Even with the new USA Freedom Act on its way, the illegal, non-specific large-scale collection of telephone metadata is now a thing of the past, which is a development that is cause for genuine celebration. In this, civil society and activist institutions such as the ACLU— which led the legal charge against Director of National Intelligence James Clapper—and the Electronic Frontier Foundation deserve applause for tackling the low-hanging surveillance fruit in such an effective manner. It took exactly six months from the time that the The Guardian published its initial story regarding the bulk collection of American phone records for a US federal judge to declare it “likely unconstitutional” and a little over a year before a reformed piece of national security legislation was placed before Congress.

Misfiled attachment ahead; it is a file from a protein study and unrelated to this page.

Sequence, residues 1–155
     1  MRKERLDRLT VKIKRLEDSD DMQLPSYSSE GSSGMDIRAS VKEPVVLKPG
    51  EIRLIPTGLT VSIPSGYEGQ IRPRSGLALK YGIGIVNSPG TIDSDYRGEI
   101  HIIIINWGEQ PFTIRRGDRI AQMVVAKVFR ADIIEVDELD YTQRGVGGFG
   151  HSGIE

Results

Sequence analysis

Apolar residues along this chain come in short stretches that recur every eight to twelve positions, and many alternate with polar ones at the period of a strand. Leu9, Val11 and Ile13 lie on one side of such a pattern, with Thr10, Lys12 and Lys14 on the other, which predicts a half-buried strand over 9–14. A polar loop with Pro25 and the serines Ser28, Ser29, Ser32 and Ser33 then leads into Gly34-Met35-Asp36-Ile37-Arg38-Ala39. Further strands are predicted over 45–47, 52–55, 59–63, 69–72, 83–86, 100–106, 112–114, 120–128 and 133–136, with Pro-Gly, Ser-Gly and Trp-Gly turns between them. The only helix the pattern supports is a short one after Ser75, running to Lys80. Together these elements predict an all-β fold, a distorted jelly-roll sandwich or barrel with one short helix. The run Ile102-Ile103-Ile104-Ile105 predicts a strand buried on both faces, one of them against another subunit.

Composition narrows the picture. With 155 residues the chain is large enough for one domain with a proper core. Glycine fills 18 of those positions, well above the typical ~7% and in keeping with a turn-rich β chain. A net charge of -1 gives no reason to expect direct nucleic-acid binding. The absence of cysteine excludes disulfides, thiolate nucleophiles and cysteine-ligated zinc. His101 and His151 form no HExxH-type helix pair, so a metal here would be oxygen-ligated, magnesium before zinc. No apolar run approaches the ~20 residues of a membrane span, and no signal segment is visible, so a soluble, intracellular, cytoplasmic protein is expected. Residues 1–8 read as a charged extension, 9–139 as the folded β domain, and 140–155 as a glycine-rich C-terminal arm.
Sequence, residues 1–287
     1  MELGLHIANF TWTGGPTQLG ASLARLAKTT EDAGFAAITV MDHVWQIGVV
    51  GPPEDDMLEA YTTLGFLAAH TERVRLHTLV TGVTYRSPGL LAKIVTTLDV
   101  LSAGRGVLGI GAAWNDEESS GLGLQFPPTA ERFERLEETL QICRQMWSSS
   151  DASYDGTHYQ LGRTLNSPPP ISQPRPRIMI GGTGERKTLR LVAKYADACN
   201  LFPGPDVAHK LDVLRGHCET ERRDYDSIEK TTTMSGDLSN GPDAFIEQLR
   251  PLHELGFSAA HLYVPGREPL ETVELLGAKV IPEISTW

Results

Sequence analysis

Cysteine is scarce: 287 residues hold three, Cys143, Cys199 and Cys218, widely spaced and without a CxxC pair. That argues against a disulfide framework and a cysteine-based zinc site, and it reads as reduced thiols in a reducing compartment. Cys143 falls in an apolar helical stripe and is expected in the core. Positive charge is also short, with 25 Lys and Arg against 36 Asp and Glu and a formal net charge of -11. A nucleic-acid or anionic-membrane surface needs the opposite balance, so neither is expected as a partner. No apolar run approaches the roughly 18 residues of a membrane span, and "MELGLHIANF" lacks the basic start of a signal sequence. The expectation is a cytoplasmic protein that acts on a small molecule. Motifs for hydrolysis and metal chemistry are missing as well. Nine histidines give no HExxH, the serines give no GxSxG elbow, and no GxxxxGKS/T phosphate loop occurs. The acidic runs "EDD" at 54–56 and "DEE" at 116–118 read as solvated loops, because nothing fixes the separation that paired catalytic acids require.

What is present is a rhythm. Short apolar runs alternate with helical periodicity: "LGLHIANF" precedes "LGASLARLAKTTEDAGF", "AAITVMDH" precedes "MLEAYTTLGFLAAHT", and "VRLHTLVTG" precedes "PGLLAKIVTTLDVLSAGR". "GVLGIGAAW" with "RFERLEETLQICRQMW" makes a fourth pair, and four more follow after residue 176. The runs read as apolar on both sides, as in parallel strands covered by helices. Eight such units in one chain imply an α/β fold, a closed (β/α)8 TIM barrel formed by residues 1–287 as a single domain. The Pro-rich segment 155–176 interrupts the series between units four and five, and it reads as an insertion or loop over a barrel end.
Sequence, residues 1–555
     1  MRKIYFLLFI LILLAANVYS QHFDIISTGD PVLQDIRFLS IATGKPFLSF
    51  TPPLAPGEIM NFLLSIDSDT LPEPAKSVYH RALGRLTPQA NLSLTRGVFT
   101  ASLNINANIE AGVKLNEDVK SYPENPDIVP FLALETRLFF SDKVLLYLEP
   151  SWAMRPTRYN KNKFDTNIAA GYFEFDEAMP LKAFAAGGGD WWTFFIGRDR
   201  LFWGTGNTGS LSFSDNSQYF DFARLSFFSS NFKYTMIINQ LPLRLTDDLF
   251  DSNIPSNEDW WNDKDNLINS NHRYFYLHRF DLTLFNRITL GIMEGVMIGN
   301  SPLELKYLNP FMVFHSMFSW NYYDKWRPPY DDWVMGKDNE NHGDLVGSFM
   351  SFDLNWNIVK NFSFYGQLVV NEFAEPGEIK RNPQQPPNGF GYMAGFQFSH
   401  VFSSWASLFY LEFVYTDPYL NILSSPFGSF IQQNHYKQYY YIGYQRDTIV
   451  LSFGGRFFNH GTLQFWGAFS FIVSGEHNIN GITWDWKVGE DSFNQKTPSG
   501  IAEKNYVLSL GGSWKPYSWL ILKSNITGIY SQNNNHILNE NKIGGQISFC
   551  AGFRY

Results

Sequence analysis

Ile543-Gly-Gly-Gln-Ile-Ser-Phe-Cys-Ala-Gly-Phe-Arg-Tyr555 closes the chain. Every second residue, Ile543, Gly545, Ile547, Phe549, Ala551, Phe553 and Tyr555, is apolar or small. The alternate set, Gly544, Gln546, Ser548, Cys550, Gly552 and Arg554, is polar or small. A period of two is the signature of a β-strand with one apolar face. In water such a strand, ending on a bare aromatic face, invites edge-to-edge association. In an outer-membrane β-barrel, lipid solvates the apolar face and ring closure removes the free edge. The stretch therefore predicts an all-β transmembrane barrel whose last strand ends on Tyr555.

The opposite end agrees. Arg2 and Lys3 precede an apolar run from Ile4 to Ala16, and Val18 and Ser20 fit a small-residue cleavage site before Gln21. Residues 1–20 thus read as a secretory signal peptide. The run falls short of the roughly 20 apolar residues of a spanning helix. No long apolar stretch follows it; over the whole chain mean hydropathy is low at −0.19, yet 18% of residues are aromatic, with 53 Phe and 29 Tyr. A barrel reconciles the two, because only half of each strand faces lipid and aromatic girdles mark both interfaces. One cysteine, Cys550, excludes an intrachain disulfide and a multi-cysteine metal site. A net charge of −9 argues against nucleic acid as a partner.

The challenge for the American public, politicians and civil society, however, is to convert these largely symbolic victories into a form of change that is meaningful and lasting: the USA Freedom Act, which will replace the expired provisions of the Patriot Act if passed later this week, represents at best only mild reform. Civil society and activist institutions find themselves divided over the new legislation, with some declaring that they are neutral towards it while others trot out the old ‘some form of reform is better than none’ argument.
While the USA Freedom Act officially brings an end to the bulk collection of calling records—which was legally justified under Section 215 of the Patriot Act—by requiring collection to be limited to instances where “reasonable and articulable suspicion” is present and where a “specific selection term” can be used, it comes with no clearly mandated procedures with regard to data retention and instead introduces a ‘second hop’ data collection process that may allow for collection of records in circumstances with less than “reasonable and articulable suspicion”.
Mass online surveillance remains